On Anne Rice and Christianity


The blog-o-sphere seems to be lit up lately with the news that author Anne Rice has left Christianity. The news though isn’t all bad as she declares an unswerving faith in Jesus Christ…its just some of his followers that have her a little befuddled.

No worries Anne…we’ve all been there!

I for one was not surprised when the famed author of The Vampire Chronicles converted (back) to the Christian faith. I have been a minor fan for years and when I finished reading Memnoch: The Devil back in 1995 I left a note on Anne’s website stating that as a Christian pastor, I may not always agree with some of her theological points, I nevertheless appreciated her story and the Christian angle she brought. In essence, I saw the heart of someone seeking God and was not the least bit surprised when she found Him. ( Anne kindly responded to my post thanking me for the appreciation I had for the story’s theological aspects)

However this week on Facebook she announced: “For those who care, and I understand if you don’t: Today I quit being a Christian. I’m out. I remain committed to Christ as always but not to being ‘Christian’ or to being part of Christianity. It’s simply impossible for me to ‘belong’ to this quarrelsome, hostile, disputatious, and deservedly infamous group. For ten years, I’ve tried. I’ve failed. I’m an outsider. My conscience will allow nothing else.”

At first I was disappointed but then I thought, “Hey, that has been me at different points of my Christian walk.”

When I first was out of high school I hardly entered a church for 3 years mainly because I was so disillusioned with the people who were there. Not once during that time would I think of denying Christ…but some of his followers? That was a different story.

But now I see things differently…

Perhaps some of the change comes from living outside of America where, it now seems, so much of Christianity is painfully fused with politics. Living in Asia I get to see Christians in a different light.

I see Christians feeding the poor and clothing the homeless.

I see Christians running an orphanage that takes in the special needs children that are often left abandoned on their doorstep.

I see Christians volunteering to help those living with AIDS.

I see Christians running youth programs and teaching English as a Second Language.

I see Christians opening safe homes and promoting education initiatives to stop the child sex trafficking running rampant in Asia and Africa

I see all of this and so much more being done by Christians in Christ’s name and for that reason I can safely say, “Don’t worry Anne…keep the faith…it’s going to be OK.”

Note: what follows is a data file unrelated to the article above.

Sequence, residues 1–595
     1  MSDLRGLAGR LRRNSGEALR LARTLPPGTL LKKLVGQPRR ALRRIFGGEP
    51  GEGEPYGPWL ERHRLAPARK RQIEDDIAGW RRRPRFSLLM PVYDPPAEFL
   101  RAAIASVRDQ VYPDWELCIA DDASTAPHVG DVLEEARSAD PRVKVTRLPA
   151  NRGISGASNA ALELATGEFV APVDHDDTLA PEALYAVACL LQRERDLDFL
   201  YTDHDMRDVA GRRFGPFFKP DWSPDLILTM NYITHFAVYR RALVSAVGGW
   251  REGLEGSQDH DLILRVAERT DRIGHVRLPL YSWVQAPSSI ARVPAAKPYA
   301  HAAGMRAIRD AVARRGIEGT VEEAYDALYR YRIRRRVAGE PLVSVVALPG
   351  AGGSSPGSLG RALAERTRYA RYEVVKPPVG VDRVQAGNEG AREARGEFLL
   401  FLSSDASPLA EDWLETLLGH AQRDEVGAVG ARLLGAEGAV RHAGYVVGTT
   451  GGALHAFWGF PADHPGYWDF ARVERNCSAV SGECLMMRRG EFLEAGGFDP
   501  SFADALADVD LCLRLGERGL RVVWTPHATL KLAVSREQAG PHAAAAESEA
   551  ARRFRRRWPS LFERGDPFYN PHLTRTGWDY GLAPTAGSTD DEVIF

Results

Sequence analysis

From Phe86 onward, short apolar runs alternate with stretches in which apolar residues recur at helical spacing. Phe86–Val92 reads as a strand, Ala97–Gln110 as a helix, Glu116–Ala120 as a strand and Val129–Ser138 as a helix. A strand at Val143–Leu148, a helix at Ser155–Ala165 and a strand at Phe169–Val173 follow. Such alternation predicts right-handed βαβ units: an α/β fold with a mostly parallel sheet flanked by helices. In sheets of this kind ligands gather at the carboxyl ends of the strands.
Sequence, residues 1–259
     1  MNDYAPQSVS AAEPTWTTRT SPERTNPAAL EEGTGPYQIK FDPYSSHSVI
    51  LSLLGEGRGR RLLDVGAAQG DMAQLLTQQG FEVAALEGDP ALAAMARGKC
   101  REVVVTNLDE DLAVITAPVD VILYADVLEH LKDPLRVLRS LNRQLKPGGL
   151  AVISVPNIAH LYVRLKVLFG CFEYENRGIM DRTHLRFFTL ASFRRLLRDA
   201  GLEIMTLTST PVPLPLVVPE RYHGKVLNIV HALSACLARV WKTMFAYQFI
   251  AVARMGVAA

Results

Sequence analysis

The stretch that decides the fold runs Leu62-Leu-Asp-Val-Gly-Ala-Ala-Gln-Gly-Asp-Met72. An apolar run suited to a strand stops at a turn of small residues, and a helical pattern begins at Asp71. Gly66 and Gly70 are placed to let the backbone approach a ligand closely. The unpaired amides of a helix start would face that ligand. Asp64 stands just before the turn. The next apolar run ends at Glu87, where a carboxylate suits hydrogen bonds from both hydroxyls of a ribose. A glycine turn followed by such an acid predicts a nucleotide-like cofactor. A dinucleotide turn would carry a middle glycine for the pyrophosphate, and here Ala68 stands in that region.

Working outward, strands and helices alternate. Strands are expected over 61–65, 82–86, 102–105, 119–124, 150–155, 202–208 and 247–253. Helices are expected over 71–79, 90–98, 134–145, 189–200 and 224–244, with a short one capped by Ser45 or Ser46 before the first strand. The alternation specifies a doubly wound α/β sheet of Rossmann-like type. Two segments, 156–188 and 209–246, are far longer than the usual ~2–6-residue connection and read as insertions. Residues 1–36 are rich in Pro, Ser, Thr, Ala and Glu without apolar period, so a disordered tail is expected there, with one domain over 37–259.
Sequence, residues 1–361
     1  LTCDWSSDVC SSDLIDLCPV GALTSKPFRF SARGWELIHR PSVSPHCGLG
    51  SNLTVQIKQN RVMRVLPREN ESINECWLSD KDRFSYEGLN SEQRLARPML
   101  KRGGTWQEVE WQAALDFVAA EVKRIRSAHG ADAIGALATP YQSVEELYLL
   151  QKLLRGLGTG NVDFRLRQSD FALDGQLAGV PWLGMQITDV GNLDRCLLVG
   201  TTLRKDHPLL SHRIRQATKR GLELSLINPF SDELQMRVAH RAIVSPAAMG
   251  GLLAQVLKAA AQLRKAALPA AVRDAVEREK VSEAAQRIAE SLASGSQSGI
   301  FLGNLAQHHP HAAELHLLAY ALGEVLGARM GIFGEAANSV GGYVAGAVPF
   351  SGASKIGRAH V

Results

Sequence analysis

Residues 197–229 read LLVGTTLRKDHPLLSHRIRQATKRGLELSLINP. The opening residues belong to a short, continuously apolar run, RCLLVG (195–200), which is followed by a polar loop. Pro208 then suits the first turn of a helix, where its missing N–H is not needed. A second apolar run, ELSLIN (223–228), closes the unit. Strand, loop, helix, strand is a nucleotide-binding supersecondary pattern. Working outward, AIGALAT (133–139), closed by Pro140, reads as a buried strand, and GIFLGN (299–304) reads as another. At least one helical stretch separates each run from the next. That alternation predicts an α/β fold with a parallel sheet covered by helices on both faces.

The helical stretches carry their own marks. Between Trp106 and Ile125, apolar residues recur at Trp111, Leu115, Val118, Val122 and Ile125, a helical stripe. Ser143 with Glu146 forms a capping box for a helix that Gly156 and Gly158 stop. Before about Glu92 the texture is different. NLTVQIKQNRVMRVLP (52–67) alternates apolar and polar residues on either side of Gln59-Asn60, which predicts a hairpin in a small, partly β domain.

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  • Will you be just as happy if her journey ultimately takes her away from Christianity? She is where many of us were at one point. I would not be at all sure she stays a Christian.

  • Bruce,

    All due respect, I’ve read a lot of her writings, and a lot of yours, and I wouldn’t put you in the same place. I won’t try to speak for her but I gather Ms. Rice LOVES Jesus. It ooozes out of her, its part of her DNA. I don’t see disconnecting from that as being part of her journey.

  • Steve,

    At one time I was AT the same place as she is. Been there.

    I have read all of her non-Vampire books.

    I too, at one time LOVED Jesus. You seem to suggest one can not fall out of love with Jesus.

    Won’t argue this with you. Time will tell where she ends up. I am happy for her wherever she ends up. I doubt you can say the same……..if she ends up leaving Christianity altogether. (which I am not sure how she can maintain a credible “I am a Christian” and not be a part of the visible Church)

    Bruce

  • Bruce,

    In my humble opinion, I don’t think you are in the same place. Your life was vested in a religious system. Your finances, your culture, your social group radiated from that system. Jesus was a part of that system and when you rejected it, Jesus went out the door with it. Now, with the same zealousness you probably used to win people to Christianity, you warn people of it.

    I don’t see Anne ever being so vested in that system as instead being drawn to a single figure…Jesus.

    I won’t be arrogant to assume what you truly felt toward Christ, that’s between you and Him…but from my bleacher seats I just see Anne being in a different place.

    If she renounced Christ I would be truly surprised…

  • Understand Bruce, I’m not making a judgement on better or worse. I’m certainly not saying she’s right and you’re wrong. I agree she shares some of your issues with organized Christian faith and that being the case then I am in the same spot as both of you.

    But, you have rejected Jesus as God and, hearing her heart on the matter, I would be surprised if she made that same choice.

    The question I ask is, would you be personally happy if she did?

  • Steve, you are making a judgment about me. Let’s dispense with the silly notion that you are not judging. And it’s OK. We ALL judge.

    Would I be glad if Anne Rice deconverted? Sure. In fact I am not sure she hasn’t already. It is fair to argue that she is making up her own version of Christianity……..one that has no historical or theological validity.